Burzum's ambient piece "Rundgang um die transzentale Säule der Singularität" consists of twenty-five minutes of mostly the same three-note melody repeated over and over, with a brief one- or two-minute respite in the middle. It works better than it sounds like it should, though it's not the sort of thing you'll likely want to listen to every day.
Jars of Clay's self-titled debut album has two Hidden Tracks. The first is "Four Seven", a brief acoustic song. It's followed by about 30 minutes' worth of random studio chatter interspersed with snippets of string quartet rehearsal.
Korpiklaani's "Korven Kuningas", the final track on the album of the same name, ends with 15 minutes of distant, repetitive drumming.
Red House Painters have a song off of Ocean Beach titled "Over My Head". The beginning of the track has about 45 seconds worth of the band just talking in the recording studio about random stuff, as if someone accidentally left the tape rolling. The ending 15 seconds has the same thing.
The Brian Jonestown Massacre's Thank God For Mental Illness ends with a 33 minute track called "Sound Of Confusion". Most of it actually consists of five different songs indexed together on one track, but the first six minutes or so are just the sounds of traffic going by. The traffic part does get a little more entertaining once Anton Newcombe starts yelling at passing cars. And to be fair, it's probably meant as a way to separate these songs from the rest of the album because they're sort of different stylistically: most of the songs that come before are based around acoustic guitar, while the songs in the "Sound Of Confusion" section more prominently use electric guitars.
Many albums with hidden tracks will have a minute or more of silence or blank tracks between the last listed track and the hidden one, or sometimes it is incorporated into the last track after the silence.
The US version of OK Go's Oh No ends in the hidden track "9027 KM", which is 35 minutes of distorted ambient noise. The backstory is sort of cute though - it's a recording of Damian Kulash's girlfriend sleeping, and 9,027 kilometers is apparently the distance between the two of them when they're in their respective home cities of Los Angeles, California and Malmö, Sweden. There's an unconfirmed rumor that this was also done so that there wouldn't be room on the CD for the record company to hide DRM.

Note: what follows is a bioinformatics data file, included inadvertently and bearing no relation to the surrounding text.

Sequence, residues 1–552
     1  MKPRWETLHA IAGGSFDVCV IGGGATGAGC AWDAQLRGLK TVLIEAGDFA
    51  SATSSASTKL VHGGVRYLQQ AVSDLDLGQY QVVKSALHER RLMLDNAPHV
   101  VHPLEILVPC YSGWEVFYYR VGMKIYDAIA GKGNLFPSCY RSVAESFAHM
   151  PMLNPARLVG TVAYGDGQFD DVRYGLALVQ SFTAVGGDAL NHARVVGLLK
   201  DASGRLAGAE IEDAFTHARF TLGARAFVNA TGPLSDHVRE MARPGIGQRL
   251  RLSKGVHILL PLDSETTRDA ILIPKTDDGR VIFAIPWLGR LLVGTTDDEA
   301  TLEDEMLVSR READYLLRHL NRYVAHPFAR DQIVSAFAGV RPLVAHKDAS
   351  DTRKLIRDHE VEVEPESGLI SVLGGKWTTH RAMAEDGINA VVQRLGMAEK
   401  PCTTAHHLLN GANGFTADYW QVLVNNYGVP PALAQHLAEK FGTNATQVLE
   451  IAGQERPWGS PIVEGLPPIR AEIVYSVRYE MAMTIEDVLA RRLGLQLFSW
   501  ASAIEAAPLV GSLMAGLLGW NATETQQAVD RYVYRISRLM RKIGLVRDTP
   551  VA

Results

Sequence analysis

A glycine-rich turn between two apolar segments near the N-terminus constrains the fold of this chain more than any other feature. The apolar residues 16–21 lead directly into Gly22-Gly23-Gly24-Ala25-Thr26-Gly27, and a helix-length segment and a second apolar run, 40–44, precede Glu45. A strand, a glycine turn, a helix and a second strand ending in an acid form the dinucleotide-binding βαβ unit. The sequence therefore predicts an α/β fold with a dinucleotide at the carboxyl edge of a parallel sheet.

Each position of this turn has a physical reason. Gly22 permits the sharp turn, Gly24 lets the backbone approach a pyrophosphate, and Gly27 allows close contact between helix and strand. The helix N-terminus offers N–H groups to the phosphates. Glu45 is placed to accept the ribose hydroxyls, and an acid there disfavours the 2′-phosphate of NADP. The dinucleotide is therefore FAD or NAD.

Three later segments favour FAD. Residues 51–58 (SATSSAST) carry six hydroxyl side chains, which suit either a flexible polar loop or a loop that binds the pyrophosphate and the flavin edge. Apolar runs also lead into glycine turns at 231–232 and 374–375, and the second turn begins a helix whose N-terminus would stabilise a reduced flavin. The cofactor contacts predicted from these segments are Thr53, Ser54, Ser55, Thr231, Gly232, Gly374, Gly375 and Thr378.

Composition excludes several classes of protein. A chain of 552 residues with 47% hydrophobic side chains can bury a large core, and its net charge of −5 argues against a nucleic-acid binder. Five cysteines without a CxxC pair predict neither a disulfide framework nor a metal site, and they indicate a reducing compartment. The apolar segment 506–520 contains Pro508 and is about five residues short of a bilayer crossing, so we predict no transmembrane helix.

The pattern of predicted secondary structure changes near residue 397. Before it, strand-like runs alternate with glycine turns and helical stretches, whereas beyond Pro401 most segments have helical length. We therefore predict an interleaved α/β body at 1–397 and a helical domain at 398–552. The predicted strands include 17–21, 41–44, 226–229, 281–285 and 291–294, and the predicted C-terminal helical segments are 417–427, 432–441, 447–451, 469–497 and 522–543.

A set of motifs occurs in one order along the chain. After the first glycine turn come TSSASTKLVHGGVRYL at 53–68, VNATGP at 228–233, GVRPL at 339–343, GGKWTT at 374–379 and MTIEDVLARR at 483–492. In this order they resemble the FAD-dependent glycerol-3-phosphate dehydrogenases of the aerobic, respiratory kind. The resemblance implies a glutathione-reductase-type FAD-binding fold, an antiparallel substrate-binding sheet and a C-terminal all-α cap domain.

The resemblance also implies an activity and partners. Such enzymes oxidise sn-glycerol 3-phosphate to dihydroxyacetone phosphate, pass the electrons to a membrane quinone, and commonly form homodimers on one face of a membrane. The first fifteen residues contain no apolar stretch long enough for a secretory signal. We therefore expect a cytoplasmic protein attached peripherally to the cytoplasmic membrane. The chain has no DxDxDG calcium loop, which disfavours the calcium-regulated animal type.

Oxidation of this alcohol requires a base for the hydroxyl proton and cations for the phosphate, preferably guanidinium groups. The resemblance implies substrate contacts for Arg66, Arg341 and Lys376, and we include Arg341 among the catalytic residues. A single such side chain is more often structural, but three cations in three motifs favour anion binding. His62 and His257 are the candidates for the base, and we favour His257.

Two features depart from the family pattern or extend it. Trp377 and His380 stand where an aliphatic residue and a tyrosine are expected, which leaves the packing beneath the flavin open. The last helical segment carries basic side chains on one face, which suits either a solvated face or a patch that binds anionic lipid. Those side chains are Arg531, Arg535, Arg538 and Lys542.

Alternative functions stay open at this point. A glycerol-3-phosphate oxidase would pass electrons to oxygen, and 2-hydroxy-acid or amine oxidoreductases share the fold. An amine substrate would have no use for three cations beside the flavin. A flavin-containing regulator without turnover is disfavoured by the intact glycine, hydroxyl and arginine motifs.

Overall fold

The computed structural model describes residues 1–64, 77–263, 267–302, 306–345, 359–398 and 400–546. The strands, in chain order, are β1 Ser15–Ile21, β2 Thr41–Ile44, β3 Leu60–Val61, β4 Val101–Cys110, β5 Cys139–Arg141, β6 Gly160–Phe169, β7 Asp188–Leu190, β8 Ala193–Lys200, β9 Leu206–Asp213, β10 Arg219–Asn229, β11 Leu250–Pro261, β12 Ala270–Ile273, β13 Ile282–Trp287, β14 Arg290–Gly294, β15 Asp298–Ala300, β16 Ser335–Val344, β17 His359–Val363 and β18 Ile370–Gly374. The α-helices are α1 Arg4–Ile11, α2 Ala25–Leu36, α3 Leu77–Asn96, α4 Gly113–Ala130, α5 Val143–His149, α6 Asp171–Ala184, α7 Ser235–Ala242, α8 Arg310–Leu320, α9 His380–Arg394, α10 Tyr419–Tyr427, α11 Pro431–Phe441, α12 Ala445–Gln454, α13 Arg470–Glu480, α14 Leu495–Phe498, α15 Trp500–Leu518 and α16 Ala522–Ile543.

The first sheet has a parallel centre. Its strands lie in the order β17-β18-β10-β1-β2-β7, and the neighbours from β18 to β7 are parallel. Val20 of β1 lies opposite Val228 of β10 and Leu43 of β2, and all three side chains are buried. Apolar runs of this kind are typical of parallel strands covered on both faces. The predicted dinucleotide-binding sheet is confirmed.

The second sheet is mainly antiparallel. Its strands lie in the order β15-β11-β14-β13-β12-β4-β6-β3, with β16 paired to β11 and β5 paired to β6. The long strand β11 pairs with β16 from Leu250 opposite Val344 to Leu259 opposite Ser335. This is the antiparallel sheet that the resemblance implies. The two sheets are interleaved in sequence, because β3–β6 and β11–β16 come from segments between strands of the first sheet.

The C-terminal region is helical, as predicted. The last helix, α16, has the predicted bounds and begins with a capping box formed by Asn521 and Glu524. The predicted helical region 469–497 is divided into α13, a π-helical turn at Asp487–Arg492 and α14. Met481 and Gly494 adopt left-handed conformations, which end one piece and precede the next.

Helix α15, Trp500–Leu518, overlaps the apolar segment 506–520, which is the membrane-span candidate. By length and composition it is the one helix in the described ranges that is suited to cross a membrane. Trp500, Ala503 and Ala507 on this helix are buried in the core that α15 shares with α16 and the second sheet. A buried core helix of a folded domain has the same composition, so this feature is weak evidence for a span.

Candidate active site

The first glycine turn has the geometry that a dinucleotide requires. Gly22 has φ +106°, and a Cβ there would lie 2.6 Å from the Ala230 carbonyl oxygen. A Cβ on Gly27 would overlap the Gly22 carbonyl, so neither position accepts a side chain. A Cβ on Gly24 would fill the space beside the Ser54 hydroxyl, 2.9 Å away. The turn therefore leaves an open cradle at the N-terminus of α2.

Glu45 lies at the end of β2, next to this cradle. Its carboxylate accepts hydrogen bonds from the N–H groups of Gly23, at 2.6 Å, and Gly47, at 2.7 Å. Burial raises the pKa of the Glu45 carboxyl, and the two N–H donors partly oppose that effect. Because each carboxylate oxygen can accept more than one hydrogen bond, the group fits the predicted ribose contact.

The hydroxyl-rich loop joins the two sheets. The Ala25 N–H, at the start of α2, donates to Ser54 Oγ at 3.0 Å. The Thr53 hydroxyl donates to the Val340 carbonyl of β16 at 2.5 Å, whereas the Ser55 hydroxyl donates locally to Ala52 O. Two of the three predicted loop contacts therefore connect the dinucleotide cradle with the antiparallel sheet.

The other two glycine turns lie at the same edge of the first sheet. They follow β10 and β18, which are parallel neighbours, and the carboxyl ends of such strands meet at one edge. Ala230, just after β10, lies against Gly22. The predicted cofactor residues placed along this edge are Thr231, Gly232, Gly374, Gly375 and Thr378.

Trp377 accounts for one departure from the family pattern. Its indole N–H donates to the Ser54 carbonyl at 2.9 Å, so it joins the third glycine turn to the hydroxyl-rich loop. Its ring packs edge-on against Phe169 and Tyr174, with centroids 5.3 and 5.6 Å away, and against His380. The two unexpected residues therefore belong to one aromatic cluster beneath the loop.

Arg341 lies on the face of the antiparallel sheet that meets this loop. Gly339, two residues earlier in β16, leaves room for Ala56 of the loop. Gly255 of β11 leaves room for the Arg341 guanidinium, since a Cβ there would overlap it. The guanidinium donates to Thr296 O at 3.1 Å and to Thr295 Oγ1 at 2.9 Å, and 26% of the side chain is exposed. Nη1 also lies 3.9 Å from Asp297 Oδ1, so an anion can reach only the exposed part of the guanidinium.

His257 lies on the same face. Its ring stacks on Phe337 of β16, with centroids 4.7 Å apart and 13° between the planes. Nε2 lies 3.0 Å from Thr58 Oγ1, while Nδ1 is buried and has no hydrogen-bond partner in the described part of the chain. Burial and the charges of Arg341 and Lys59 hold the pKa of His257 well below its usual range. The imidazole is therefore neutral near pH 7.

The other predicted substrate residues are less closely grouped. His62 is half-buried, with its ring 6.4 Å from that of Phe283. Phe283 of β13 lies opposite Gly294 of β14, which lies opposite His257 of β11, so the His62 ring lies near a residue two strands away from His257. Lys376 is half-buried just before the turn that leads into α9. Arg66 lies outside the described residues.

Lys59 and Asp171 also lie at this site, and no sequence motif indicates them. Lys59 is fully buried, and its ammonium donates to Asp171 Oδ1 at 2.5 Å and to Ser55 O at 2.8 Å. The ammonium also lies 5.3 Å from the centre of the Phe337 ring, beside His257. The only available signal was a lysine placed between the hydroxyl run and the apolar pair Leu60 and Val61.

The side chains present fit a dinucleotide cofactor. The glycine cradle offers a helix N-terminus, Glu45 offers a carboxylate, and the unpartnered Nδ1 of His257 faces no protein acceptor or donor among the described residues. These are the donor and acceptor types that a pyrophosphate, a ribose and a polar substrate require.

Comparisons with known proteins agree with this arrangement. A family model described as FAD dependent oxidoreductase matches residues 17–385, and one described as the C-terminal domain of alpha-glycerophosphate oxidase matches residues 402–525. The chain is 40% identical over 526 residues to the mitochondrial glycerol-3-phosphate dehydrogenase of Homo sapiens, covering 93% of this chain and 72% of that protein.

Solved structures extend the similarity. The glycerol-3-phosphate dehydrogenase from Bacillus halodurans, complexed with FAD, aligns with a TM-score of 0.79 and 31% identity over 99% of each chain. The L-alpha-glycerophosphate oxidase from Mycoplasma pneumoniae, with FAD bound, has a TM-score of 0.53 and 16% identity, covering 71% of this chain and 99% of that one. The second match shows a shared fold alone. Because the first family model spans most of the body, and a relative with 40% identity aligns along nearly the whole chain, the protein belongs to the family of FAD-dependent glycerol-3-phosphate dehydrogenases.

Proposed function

Jaga Jazzist's "Out of Reach (or Switched Off)"—from their Old Shame album Jćvla Jazzist Grete Stitz—has about six minutes of actual song, followed by 22 minutes of what sounds like a Norwegian TV host talking about the album. Presumably, it's more interesting if you can understand Norwegian.
The beginning of Tori Amos's Not the Red Baron, which sounds like two pilots talking, is actually the sound engineers talking in their native Dutch while Tori fiddled with the piano. Because it fit so well it was left in. In fact, a lot of the stuff that came out of the Boys for Pele sessions, especially the b-sides, can be attributed to this trope.
Denis Leary's comedy/music/performance album Lock 'n Load features a track called "Deaf Mute Cocktail Party," which clocks in at just above two minutes.
Lee Ranaldo of Sonic Youth had a solo album, From Here To Infinity, where every track ended in a lock groove (which again, means the last few seconds loop over and over until you manually switch to the next track). The later CD version usually slowly faded the songs out at this point.
Pulp's 'This Is Hardcore' contained a weird ending on the UK edition. After the song 'The Day After The Revolution' ends, all that is left is a harmonious drone lasting 10 minutes. However, 9 minutes into that silence, Jarvis whispers 'Bye-bye!' in a low, monotone voice. At least the US edition shortens that to a minute...
Many fans have speculated that since the album's theme was sex, the drone was filler to make the album length 69 minutes.
The Replacements' video for "Bastards of Young" is a shot of a stereo system in somebody's lounge room, with the song playing (at the wrong speed) on the turn table. The camera stays on it as people go in and out of the room. At the end of the song the speaker is kicked over.
While it's at least in montage form and has different camera angles, their video for "The Ledge" might also qualify, as it consists of nothing but the band standing around in a park while eating donuts and drinking coffee. It was banned from MTV for some reason - possibly it was the lyrical content, because the song itself is about someone being Driven to Suicide. The Replacements were well-known for disliking music videos, and only started making them when their record company insisted, so both of these were likely meant as Writer Revolt.
The Pixies' video for "Velouria" is a single shot of the band running a short distance across a rock quarry in slow motion for about four minutes. Without the slow-motion effect, the video would be 23 seconds long, if not even shorter. Reportedly this is because the band really wanted to perform on Top of the Pops while the song was in the UK Top 40, but the show required all acts performing on the show to have a music video for their current single, so they threw something together at the last minute. It was all in vain because the band never did get to play on Top of the Pops.
Nitzer Ebb subverts this trope with the video for "Control I'm Here". The camera stays in the same place for the entire video, but different scenes (filmed using the very same camera angle) are visually spliced in.
The video for Fatboy Slim's "Everybody Needs a 303" essentially consists of a guy in a hat standing around doing nothing. For the first two minutes, he does just that, staring off camera. Finally something happens (a hand comes in off-camera and writes in lipstick on his forehead, taking about a minute to do so; finally, he turns a bit more to the camera and lights up, and as he takes his smoke, you can finally read what's written: "Why Make Videos?"). The point is not lost on the audience, one might imagine.